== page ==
Good news for Melburnians paying off a home loan, with the RBA today deciding to hold the cash rate at 3.60%.
In doing so, the Central Bank pressed pause on what might have been an 11th hike in a row. But will the cash rate go up again?
Some market analysts believe another rise this year is inevitable. The RBA, however, was keeping its options open in today’s statement as it outlined the reasons for this pre-Easter pause.
‘The Board took the decision to hold interest rates steady this month to provide additional time to assess the impact of the increase in interest rates to date and the economic outlook… The Board recognises that monetary policy operates with a lag and that the full effect of this substantial increase in interest rates is yet to be felt.’
The Central Bank added a note of caution, though. ‘The Board expects that some further tightening of monetary policy may well be needed to ensure that inflation returns to target.’
What is clear, though, is frustration over the social costs of almost a year of rate rises. There is a view that it’s everyday Melburnians who are unduly burdened by the effects of such a pedal-to-the-metal acceleration in the cash rate.
This perfect storm of economic conditions has seen many households in Melbourne suffer. Simultaneously many large corporations have turned huge profits over the last year.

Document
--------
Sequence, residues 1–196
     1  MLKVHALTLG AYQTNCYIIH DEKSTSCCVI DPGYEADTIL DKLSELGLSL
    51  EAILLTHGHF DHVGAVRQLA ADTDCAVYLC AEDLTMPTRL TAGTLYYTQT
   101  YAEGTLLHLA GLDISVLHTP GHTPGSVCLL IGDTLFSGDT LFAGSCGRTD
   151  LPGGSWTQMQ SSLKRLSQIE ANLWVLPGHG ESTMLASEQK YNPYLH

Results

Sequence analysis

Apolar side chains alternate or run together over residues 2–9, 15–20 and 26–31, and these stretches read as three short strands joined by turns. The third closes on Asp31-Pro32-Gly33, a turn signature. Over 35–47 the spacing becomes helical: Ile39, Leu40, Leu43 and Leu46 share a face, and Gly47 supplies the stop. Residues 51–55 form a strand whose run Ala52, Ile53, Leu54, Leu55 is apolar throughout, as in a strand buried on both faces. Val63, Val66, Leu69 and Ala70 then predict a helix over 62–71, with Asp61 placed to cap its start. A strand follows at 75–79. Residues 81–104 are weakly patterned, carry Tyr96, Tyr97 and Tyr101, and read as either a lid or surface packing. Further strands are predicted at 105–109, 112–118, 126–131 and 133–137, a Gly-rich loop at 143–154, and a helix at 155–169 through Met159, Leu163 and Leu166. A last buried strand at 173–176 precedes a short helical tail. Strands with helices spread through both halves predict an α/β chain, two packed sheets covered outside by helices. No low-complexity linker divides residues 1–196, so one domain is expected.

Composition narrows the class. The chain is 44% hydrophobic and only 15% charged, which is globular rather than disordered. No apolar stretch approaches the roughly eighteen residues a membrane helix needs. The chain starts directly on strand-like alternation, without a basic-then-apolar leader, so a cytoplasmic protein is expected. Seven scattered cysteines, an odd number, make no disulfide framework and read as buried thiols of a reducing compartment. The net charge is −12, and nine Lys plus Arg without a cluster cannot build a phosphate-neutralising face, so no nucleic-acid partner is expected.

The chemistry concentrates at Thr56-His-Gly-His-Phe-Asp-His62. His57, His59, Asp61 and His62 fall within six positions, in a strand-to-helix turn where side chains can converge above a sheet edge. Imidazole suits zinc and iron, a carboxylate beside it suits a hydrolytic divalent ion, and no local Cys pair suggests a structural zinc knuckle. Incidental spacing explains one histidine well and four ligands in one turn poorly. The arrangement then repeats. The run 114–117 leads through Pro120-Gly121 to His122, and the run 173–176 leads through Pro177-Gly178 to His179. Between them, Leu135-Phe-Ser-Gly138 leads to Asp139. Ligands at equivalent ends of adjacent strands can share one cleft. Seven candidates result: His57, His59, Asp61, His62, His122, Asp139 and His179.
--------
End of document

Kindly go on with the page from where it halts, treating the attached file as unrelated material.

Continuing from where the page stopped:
Meanwhile, the Melbourne housing market continues to suffer with more properties sold for a loss in the December quarter than in the three months prior (though median house values rose slightly in Melbourne in March).
Today’s news, however, will be welcomed by Victorian residential customers who can expect their electricity bills to rise $426 a year from this July.
And there’s the “mortgage cliff” later this year which some analysts fear could trigger a recession. This is where mortgages on fixed rates end and the new (much higher) rate kicks in.
The RBA has consistently said that high inflation is one of its biggest challenges. It wants to get it down from the current 6.8% to a “target band” of 2-3%. This will take time. But we’re starting to see inflation moderate.
The RBA added today. ‘A range of information, including the monthly CPI indicator, suggests that inflation has peaked in Australia. Goods price inflation is
expected to moderate over the months ahead due to global developments and softer demand in Australia.
‘The central forecast is for inflation to decline this year and next, to around 3 per cent in mid-2025. Medium-term inflation expectations remain well anchored.’
And we can help you with tips on how to uncover lower rates, boost your savings, consolidate other debts and take the pressure off increases in household costs.
Marc has been a professional lender for 28 years. After beginning his career in 1990 with a UK Building Society, he moved to Australia where he held several different retail banking roles. In 1999 it became clear to him that a mortgage broker would eventually become an obvious choice for someone looking for a home loan so he took the plunge and became an independent broker. He hasn’t looked back since!